The first discothèque to open was the Scotch Club in Aachen, Germany in 1959. The owner of a local dancehall refused to pay for live performers and used an amplified record player instead. Klaus Quirini became the first DJ when he commandeered the turntable and became master of ceremonies. His style was immediately popular and as DJ Heinrich, he organized other DJs into workers' union that made DJ an official (i.e. healthcare registered) profession. The first song Quirini played was Ein Schiff wird kommen by Lale Andersen.
The Scotch Club became a Mecca for young people but there was a dress code with bouncers refusing entrance to men not wearing a tie. By the time the first discos were opening in US and elsewhere there were 17 discos in Aachen. The Scotch-Club finally closed its doors in 1992.
By the late 60s and early 70s, high tech discothèques (discos) with light shows and glamorous settings replaced dance halls. Instead of dancing to live music played by cover artists night clubbers crammed into small licensed venues with a disc jockey (DJ) playing hifi vinyl records.
Jimmy Saville was considered the first DJ to use twin-turntables that played non-stop music.
Statuesque dancers (Go Go Dancers) needed to stand out as a focal point and were central to the layout of the dance floor. Elevated and caged the girls and boys, danced in a blaze of lights choreographing the latest dance moves.
The fashion for elevated or platform shoes also came to pass. The Cockney, Scottish football fan extraordinaire Rod Stewart had been a humble boot boy at Brentford Soccer Club long before he became gravel voiced lead singer of the post Mod band, Faces. Rod, unlike his musical chum (Sir) Elton John, wore platform shoes on stage to look tall and sexy.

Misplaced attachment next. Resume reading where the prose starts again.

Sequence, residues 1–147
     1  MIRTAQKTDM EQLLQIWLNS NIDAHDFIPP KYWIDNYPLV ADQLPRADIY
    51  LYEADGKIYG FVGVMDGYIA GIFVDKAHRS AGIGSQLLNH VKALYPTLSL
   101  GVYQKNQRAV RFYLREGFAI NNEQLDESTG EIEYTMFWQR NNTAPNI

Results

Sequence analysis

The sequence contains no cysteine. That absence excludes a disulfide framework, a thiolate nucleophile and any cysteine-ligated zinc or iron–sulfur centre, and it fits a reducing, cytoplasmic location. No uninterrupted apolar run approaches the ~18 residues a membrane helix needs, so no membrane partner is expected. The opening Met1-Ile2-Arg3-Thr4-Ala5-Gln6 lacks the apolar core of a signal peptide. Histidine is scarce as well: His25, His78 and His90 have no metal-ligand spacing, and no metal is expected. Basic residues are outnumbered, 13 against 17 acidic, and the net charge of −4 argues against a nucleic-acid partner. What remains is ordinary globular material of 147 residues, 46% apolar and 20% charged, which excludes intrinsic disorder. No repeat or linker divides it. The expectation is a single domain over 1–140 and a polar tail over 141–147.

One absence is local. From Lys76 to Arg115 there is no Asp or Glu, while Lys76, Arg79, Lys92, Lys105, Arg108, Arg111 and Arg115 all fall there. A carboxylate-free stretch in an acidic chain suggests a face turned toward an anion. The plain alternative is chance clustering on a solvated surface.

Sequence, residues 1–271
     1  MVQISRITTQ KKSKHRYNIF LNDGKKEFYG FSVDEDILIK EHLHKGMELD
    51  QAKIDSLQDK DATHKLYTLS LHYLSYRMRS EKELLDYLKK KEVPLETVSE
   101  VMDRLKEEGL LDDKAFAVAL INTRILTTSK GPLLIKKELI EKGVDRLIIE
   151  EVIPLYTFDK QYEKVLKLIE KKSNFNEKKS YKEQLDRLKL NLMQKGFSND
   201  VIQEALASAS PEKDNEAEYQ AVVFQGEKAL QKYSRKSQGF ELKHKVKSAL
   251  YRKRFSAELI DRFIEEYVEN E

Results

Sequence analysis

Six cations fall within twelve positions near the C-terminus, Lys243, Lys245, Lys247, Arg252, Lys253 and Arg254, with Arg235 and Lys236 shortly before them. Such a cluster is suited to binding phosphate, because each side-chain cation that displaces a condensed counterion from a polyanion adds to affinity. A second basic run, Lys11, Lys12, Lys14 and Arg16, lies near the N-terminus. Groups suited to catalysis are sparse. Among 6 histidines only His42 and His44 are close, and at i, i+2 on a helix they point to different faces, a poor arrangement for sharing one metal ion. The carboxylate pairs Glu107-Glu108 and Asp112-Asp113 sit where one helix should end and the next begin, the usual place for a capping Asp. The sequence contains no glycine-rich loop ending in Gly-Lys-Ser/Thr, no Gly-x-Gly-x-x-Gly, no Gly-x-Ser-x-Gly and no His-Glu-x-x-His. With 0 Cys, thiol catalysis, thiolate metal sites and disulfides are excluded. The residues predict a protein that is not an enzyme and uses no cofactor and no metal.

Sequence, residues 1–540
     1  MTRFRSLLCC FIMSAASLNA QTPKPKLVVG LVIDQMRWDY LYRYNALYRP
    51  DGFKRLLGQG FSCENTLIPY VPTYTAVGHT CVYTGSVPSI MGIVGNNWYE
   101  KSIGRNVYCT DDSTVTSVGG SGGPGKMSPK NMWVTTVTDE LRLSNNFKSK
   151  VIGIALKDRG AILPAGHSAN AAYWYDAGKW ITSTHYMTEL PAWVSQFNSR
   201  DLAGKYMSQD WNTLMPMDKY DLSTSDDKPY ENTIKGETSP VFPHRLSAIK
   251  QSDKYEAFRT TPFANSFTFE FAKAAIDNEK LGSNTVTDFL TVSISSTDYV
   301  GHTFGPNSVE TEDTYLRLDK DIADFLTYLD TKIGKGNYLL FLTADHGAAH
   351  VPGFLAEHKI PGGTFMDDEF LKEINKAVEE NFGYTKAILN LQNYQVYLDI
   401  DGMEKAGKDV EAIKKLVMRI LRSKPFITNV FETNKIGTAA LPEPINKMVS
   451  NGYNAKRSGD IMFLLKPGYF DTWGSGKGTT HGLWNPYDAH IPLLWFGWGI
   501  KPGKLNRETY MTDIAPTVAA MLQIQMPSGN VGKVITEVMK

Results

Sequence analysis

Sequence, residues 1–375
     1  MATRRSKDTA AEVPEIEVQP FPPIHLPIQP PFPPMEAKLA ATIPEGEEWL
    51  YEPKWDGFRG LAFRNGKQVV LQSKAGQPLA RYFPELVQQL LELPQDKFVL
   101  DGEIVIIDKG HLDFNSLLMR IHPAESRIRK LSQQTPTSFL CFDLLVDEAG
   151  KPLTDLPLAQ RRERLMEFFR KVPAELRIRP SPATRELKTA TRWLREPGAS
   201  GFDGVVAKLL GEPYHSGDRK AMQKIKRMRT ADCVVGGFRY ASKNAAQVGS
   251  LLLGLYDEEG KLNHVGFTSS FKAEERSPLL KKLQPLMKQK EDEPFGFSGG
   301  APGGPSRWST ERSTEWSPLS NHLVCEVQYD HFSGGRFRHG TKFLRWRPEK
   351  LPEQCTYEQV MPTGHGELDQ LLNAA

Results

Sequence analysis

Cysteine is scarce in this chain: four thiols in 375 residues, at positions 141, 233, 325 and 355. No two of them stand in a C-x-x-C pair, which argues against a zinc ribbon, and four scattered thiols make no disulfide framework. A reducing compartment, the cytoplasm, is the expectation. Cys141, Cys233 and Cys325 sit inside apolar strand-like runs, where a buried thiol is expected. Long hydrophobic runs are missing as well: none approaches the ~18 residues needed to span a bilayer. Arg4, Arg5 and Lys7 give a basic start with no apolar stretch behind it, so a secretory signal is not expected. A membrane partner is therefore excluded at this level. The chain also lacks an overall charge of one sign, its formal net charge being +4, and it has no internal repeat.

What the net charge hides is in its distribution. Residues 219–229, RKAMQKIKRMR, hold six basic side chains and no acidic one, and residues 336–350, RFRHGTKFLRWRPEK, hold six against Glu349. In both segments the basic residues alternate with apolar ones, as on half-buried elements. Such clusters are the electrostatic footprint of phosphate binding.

Tiny Elton by contrast needed the extra leverage his boots gave him to reach the piano keys on his Steinway during live performances. Later Elton appeared in the film Tommy sporting the largest pair of DM boots ever seen.
In antiquity, Greek actors wore raised shoes to tower over their audience and the resulting swaggering gait was understood to send females into sexual ecstasy.
Platform shoes were first introduced in the Middle Ages and were worn by court ladies but the fashion was short lived and fell to the prerogative of the height challenged.
Paul Gadd (aka the disgraced Gary Glitter) was certainly the latter and used his glitter platforms to achieve the former. He was, in his heyday, an act to catch. His platforms were specially made for his feet and allowed him to achieve quite spectacular choreography during his live shows.
Young people began to dress in ambiguous ways, the style was called unisex. For the first time in hundreds of years’ men appeared in clothing modern society designated as female attire. The Thin White Duke aka David Bowie was certainly not stuck in the cupboard when it came to express his female side on stage. Ziggy (Stardust) definitely wore the boots and shoes to be seen in, in tights.
Whilst this was a zenith for excellent dance music, ironically the dance styles were remarkably bland. People did however, dance a lot and a common injury associated with "all-nighters" was a flat foot caused by ligamentous collapse. The condition was called "disco foot."
Then in 1977 something happened that put dance into disco and it was called Saturday Night Fever.